Something somber and triumphant at the same time, something like Respighi's "Nebbie" sung by Pavarotti, who I saw at the Met once begin in a whisper, next to a piano, a lullaby that ended in a death cry, a silence that ended in a splendor, a galaxy-sweating supernova, black and robust and pouring painfully, a golden, wound-colored tenderness, enough for all of us. . .
The inevitable downfall of the ambitious, shrewd, daring, practical Queen Cleopatra, Pharaoh and Goddess Isis, who murdered her brothers and her sister and from whom we inherit the 12 hour day and monthly calendar, the census, our economic practice of using denomination marked monies, patroness of the arts, libraries, languages (having spoken 9 fluently herself), her city famous for its diversity and love of the theater and wit and laughter and dramatic celebrations and lavish Ptolemaic processions, its insurmountable wealth, gold and grain, all eventually taken as spoils and adopted by the Romans who wrote her as the historical villain of the ancient world and whose conquerer named the last month of summer after himself to commemorate his victory over her turncoat manic-depressive Dionysus, giving her children to his ex-wife his sister, August.
History is better than literature. Stacy Schiff's biography is a welcome read. It offers a portrait of a murderous family history, the impressive successes of the girl queen who was married first to Caesar and next to the greatest Roman general of his era, Mark Anthony. She was feared and loathed by the Romans, who were a developing nation of dogs, famous for brutality in war and public restraint, their misogyny apparent in both their philosophy and their politics. Monklike and without splendor. Or money. They needed Egypt, and her downfall was the rise of the western world as we know it. A culture that prizes the celebration of libraries, artistry, pageantry--a rebellion-free reign of education--sounds too good to be true, and it's shocking to imagine an ancient community in which 1/3 of all businesses were owned and run by women, in which women had rights to hold position and even take their ex-husbands to court. The difference between a history driven by the Romans instead of the Egyptian Queen is something like the difference between what anthropologists say is a lost evolutionary line--if we had only evolved from the the peaceful, maternal communities of the Bonobo, instead of from the violently territorial, paternalistic chimp.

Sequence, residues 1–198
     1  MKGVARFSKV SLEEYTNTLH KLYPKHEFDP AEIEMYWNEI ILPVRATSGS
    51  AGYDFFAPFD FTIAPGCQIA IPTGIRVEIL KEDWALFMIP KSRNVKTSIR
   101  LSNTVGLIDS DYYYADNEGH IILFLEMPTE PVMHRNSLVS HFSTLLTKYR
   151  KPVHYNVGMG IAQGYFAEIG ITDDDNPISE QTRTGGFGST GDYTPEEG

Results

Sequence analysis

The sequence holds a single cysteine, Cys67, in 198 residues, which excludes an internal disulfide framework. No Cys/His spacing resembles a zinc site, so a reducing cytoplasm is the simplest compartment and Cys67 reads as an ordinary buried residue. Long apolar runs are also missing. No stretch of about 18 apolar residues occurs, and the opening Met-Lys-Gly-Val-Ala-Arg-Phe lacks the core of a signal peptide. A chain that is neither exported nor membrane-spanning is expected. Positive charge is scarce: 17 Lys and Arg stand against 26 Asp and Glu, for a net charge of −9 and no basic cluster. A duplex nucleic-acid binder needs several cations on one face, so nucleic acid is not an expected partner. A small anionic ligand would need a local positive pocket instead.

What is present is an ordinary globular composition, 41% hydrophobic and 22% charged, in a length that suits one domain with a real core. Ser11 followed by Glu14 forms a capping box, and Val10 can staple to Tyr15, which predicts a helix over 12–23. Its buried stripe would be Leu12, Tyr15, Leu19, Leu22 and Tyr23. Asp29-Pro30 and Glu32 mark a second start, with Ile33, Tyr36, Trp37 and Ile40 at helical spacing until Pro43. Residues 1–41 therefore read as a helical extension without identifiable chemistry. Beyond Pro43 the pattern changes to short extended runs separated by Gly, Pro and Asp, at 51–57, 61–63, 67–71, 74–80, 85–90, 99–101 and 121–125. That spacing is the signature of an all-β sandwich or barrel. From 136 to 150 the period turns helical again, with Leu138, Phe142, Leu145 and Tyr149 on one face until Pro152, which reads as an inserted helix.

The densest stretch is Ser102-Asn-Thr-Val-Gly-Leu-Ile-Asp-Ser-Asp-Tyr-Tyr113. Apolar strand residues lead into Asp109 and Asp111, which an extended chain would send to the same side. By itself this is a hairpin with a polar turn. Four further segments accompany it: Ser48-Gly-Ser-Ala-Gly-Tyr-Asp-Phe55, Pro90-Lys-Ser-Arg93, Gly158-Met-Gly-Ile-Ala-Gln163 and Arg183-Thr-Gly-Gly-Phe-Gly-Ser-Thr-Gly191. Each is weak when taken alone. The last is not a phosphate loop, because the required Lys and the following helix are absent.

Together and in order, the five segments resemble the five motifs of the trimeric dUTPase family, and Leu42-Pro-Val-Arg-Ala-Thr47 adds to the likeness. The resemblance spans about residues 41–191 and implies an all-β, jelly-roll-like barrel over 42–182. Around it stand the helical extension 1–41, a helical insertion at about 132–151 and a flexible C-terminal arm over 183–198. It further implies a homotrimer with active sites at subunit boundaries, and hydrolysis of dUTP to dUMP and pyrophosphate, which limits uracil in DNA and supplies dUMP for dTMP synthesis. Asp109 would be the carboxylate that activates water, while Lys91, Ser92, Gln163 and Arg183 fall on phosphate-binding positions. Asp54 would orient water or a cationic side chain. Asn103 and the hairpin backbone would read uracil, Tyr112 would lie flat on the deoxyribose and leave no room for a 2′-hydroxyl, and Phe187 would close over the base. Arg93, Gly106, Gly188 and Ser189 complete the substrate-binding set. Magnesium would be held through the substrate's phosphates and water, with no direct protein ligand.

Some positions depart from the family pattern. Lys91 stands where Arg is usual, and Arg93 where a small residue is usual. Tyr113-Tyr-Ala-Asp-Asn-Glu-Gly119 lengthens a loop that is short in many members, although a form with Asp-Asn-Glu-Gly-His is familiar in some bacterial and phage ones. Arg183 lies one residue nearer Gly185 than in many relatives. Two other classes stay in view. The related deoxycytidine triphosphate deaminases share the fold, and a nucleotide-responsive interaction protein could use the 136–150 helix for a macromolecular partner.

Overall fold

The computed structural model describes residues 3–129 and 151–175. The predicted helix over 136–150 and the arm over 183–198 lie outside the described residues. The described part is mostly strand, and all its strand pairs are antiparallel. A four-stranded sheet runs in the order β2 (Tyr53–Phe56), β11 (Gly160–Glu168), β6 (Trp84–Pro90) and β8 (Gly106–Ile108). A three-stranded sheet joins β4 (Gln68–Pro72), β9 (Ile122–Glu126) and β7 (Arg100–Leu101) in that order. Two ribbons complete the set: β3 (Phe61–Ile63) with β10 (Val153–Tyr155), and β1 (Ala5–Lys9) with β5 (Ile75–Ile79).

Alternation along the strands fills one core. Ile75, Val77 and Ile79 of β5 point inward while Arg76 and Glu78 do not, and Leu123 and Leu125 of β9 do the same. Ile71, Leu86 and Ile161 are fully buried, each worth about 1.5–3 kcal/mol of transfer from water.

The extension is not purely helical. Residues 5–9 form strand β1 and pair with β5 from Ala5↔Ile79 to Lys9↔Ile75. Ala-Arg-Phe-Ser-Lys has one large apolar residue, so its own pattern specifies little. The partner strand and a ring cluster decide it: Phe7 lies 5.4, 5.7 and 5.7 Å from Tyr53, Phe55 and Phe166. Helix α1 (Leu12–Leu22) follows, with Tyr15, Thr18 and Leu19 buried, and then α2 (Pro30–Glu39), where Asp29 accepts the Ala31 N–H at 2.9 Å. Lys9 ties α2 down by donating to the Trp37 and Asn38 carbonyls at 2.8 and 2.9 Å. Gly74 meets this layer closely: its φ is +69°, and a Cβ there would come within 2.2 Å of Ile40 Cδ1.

What's even more striking in Schiff's book is the final chapter, in which all our particularly American sensibilities are defeated in the Queen's defeat. Her death is humiliating beyond belief. No amount of hard-work, determination, ingenuity or belief can help her. "The Secret" with its insidious message that your life is the outcome of your desires, that your suffering is your own fault, and that success is a result of your good wishes, the faux physics of the "laws of attraction", fails. Great men of our adored history are here painted in mediocrity and deception. Octavian, a lesser warrior than Mark Anthony, Cicero, bitter and grudgeful, Herod, scheming and weak, make a formidable alliance against the foreign lover queen and the sell-out general. Even Mark Anthony is moody and temperamental. Depressed when he is defeated in battle, even suicidal and in silent exile. The one unsung hero is perhaps swift Agrippa, whose January flight through the Mediterranean surprised Mark Anthony and whose arrow landed fatally at the end of that summer, changing history and making Octavian what he is to us now.
Shakespeare's play, I was surprised to find, is actually very accurate. I'm grateful though for Schiff's account, which abstains from making assumptions about Cleopatra's sexual ferocity, or her romantic desires, offering us instead a portrait of someone whose ambition and success were only matched by a terrific, a tragic, an impossible fall:
"She lost a kingdom once, regained it, nearly lost it again, amassed an empire, lost it all. A goddess as a child, a queen at 18, a celebrity soon thereafter, she was an object of speculation and veneration, gossip and legend, even in her own time. At the height of her power she controlled virtually the entire eastern Mediterranean coast, the last great kingdom of any Egyptian ruler. For a fleeting moment she held the fate of the Western world in her hands. She had a child with a married man, three more with another. She died at 39, a generation before the birth of Christ."
Shakespeare's words speak just as magnificently for her death-scene as for her entire life:
"Give me my robe, put on my crown. I have
Immortal longings in me."
. . . . . . . .